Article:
The need to reduce costs incurred by the UK’s health system has been growing in recent years, given a rapidly aging population and the pressure that has placed on hospitals and staff. A number of initiatives have been set in motion to help curb spending, but some have a noticeable effect on the quality of care patients can expect to receive. One of these cost-saving techniques is the implementation of referral management systems – in-hour or third-party arrangements that, in theory, work to reduce the number of unnecessary referrals to hospitals and specialists by way of an in-depth review. The use of referral management systems throughout the NHS has grown significantly in the last five years, and while the mission is to eliminate expenses, patients are not receiving the care they need to correct common conditions like varicose veins.
The initial intent of adding referral management systems to the NHS was to remove medical conditions of low clinical priority from the queue of referrals passed on to hospitals, saving money in the process. Varicose veins represent a condition which has the potential to be deemed low priority by GPs around the region, based on a scoring system of severity. Ranging from 1 to 6, with a rating of 1 being the most minor occurrence of varicose veins and 6 representing the most severe, doctors and surgeons are told not to add patients on the operating list to correct varicose vein issues unless the severity grade exceeds 3. It isn’t surprising that veins graded 1 and 2 are not referred to a vascular surgeon or hospital through referral management systems, given the biggest complaint about these varicose veins is not pain or discomfort, but cosmetic dissatisfaction. However, the growing group of patients experiencing grade 3 varicose veins are often denied referrals to fix their varicose veins, even when there is ongoing swelling, aching, and itching surrounding an affected vein.
Modifying Severity Guidelines
A leading vascular and vein surgeon in London, Eddie Chaloner, explains the problem presented to patients who are experiencing issues with varicose veins. He states that referral management systems came into play as primary care trusts, established to run groups of GP practices, paid hospitals each time a patient was referred. To put a lid on costs, referral management systems were implemented in several locations to effectively reduce the number of appointments that were not deemed a priority. In practice, however, patients with complex issues like varicose veins are forced to go back and forth in a GP-specialist limbo, through the referral management systems, in order to receive appropriate care.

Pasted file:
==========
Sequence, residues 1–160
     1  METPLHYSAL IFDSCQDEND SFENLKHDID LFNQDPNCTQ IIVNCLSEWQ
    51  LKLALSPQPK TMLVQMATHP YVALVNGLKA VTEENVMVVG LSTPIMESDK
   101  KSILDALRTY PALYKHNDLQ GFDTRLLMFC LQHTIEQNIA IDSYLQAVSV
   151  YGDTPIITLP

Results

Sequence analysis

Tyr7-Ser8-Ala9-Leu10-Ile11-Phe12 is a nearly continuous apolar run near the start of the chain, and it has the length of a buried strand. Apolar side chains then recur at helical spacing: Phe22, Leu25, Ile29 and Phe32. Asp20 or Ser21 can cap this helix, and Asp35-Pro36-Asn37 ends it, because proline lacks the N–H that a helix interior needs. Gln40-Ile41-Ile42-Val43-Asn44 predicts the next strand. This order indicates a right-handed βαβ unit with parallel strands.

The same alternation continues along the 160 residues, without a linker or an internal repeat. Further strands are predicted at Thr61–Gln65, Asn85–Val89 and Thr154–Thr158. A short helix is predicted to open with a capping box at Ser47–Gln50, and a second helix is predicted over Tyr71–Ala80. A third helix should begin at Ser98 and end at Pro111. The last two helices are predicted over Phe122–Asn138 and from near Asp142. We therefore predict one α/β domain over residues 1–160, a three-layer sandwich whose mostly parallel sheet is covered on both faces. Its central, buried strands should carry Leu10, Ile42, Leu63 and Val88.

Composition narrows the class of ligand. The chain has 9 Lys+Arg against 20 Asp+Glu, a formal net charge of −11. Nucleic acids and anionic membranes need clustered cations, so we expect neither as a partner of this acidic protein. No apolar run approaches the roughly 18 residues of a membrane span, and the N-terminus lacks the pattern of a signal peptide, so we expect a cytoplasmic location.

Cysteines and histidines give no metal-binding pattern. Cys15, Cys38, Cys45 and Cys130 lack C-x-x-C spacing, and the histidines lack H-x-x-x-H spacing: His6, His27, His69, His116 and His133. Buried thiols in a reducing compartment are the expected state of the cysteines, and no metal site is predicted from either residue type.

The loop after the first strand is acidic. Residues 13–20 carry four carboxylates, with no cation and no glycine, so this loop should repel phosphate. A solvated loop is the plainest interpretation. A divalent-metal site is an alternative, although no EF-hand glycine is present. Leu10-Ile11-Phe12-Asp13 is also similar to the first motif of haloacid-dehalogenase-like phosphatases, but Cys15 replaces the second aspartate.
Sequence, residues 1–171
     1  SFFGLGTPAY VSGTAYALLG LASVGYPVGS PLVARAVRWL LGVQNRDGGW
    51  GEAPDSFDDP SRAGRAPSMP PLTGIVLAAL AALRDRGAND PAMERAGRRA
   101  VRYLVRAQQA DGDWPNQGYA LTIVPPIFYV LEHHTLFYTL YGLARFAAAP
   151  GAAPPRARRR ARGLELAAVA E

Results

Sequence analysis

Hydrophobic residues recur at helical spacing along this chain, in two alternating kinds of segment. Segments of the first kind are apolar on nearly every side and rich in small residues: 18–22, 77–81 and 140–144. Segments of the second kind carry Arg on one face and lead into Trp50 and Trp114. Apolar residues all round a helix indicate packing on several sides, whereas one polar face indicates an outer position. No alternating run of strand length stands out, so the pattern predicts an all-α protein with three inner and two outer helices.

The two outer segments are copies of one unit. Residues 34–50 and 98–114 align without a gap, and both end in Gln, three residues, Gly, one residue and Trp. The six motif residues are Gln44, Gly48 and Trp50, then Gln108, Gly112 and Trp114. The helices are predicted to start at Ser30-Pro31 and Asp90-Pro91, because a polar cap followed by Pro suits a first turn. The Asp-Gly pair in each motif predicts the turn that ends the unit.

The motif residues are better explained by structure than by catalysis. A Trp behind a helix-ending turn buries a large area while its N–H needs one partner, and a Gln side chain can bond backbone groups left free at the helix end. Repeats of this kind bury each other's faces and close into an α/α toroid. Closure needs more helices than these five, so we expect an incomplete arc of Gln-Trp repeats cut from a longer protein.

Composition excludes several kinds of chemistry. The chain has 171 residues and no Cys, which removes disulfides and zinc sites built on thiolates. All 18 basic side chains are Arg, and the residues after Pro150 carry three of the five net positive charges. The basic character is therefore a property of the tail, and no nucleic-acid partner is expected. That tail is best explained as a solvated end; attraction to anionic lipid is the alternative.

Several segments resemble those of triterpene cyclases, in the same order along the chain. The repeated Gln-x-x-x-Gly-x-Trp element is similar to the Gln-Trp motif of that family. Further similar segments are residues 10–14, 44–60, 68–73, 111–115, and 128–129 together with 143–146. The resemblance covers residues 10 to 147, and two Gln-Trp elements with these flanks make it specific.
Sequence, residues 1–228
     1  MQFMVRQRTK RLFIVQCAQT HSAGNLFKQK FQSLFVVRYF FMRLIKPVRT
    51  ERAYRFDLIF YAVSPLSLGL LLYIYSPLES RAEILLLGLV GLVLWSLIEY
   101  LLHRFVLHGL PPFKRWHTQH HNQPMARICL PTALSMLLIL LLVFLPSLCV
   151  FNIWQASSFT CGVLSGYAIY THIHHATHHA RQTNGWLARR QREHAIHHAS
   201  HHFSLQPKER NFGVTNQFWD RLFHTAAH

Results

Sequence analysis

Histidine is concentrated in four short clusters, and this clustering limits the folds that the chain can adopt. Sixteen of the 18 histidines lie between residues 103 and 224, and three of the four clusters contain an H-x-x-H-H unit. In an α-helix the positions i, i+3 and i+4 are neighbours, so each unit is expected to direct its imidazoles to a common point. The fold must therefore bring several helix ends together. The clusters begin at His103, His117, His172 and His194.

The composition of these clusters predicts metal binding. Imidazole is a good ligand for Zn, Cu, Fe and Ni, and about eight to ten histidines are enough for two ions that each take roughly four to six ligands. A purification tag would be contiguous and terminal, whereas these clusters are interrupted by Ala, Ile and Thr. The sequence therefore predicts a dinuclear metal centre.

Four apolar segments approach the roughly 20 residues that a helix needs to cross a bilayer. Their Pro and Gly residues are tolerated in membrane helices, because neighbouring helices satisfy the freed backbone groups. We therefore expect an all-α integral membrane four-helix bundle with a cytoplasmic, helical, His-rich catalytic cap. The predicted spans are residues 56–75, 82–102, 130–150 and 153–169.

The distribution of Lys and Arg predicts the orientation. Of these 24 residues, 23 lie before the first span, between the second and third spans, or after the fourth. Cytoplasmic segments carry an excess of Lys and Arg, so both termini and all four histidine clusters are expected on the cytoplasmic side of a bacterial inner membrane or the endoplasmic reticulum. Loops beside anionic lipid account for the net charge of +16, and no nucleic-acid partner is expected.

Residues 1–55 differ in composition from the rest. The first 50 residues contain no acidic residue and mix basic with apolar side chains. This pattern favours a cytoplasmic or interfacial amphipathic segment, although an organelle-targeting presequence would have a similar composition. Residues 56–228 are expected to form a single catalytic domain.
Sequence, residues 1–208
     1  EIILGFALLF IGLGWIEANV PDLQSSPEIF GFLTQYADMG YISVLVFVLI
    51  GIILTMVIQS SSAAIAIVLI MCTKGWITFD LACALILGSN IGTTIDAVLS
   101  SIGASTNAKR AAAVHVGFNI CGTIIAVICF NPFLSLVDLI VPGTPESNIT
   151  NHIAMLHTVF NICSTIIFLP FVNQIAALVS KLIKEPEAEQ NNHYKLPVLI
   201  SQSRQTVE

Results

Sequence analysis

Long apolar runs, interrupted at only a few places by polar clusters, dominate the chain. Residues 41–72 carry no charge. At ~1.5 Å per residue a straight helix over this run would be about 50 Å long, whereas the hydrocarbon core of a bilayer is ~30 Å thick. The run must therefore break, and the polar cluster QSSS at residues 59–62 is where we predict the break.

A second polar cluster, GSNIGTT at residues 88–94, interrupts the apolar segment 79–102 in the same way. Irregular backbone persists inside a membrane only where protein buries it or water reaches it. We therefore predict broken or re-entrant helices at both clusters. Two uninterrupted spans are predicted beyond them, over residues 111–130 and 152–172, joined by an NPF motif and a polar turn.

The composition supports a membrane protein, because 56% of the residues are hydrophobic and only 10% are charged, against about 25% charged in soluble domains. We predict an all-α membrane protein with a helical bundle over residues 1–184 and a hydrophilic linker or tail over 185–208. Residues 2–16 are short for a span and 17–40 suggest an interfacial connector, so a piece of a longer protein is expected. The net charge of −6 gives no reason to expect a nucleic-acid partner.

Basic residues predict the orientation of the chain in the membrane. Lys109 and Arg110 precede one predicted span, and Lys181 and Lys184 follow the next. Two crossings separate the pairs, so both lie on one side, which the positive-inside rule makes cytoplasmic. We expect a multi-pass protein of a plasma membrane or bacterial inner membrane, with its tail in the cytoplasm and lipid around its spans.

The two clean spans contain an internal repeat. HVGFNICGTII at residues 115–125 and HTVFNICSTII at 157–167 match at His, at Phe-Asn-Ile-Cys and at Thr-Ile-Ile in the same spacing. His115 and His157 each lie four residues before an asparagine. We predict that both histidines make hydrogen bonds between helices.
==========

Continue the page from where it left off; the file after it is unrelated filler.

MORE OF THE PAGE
As primary care trusts shift toward adhering to modified guidelines of varicose vein severity, the lines are blurred for those patients who fall into the grade 3 category of pain and discomfort. Individuals with uncomplicated vein issues represent nearly 60% of total patients seen for varicose veins, and they are now not allowed to be seen in a hospital setting due to referral management system declines. The ethics of this practice are called into question given the delays in appropriate care based on the inclination of someone with professional medical training at a referral management centre. Patients could experience an ongoing decline of their varicose vein issues if the reliance on referral management practices continues to grow.
What Patients Can Do
For less severe varicose veins, as experienced by those with grade 1 or 2 issues, there are some remedies that work to reduce the look and feel of bulging, twisted veins beneath the skin. Most utilise compression stockings, which place external pressure on the calves and lower thighs in an effort to increase circulation and blood flow. Additionally, participating in physical activities that are low-impact, like walking or swimming, help reduce marginal discomfort when varicose veins are present.
Referral management systems are helpful in reducing the cost burden placed on hospitals throughout the UK in theory, but in practice, they may be missing the mark. If patients are forced to go through the process of receiving a referral multiple times before they can receive the care they need, referral management centers are in effect increasing, not reducing, the cost of health care across the board.